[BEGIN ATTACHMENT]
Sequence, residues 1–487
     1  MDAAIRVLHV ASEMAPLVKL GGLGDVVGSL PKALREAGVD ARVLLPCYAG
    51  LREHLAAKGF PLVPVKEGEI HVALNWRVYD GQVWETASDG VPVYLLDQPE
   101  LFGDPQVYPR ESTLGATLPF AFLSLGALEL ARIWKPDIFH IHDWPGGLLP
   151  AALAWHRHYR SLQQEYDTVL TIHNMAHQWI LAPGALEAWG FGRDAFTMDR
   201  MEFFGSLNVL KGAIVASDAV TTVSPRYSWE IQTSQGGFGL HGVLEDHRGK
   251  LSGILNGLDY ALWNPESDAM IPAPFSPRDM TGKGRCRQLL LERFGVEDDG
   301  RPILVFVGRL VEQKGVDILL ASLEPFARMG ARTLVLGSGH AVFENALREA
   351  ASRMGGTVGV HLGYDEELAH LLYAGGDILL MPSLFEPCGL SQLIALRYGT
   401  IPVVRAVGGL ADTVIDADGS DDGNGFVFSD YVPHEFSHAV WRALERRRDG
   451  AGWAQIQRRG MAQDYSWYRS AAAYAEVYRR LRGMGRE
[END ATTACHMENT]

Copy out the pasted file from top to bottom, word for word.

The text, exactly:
Sequence, residues 1–487
     1  MDAAIRVLHV ASEMAPLVKL GGLGDVVGSL PKALREAGVD ARVLLPCYAG
    51  LREHLAAKGF PLVPVKEGEI HVALNWRVYD GQVWETASDG VPVYLLDQPE
   101  LFGDPQVYPR ESTLGATLPF AFLSLGALEL ARIWKPDIFH IHDWPGGLLP
   151  AALAWHRHYR SLQQEYDTVL TIHNMAHQWI LAPGALEAWG FGRDAFTMDR
   201  MEFFGSLNVL KGAIVASDAV TTVSPRYSWE IQTSQGGFGL HGVLEDHRGK
   251  LSGILNGLDY ALWNPESDAM IPAPFSPRDM TGKGRCRQLL LERFGVEDDG
   301  RPILVFVGRL VEQKGVDILL ASLEPFARMG ARTLVLGSGH AVFENALREA
   351  ASRMGGTVGV HLGYDEELAH LLYAGGDILL MPSLFEPCGL SQLIALRYGT
   401  IPVVRAVGGL ADTVIDADGS DDGNGFVFSD YVPHEFSHAV WRALERRRDG
   451  AGWAQIQRRG MAQDYSWYRS AAAYAEVYRR LRGMGRE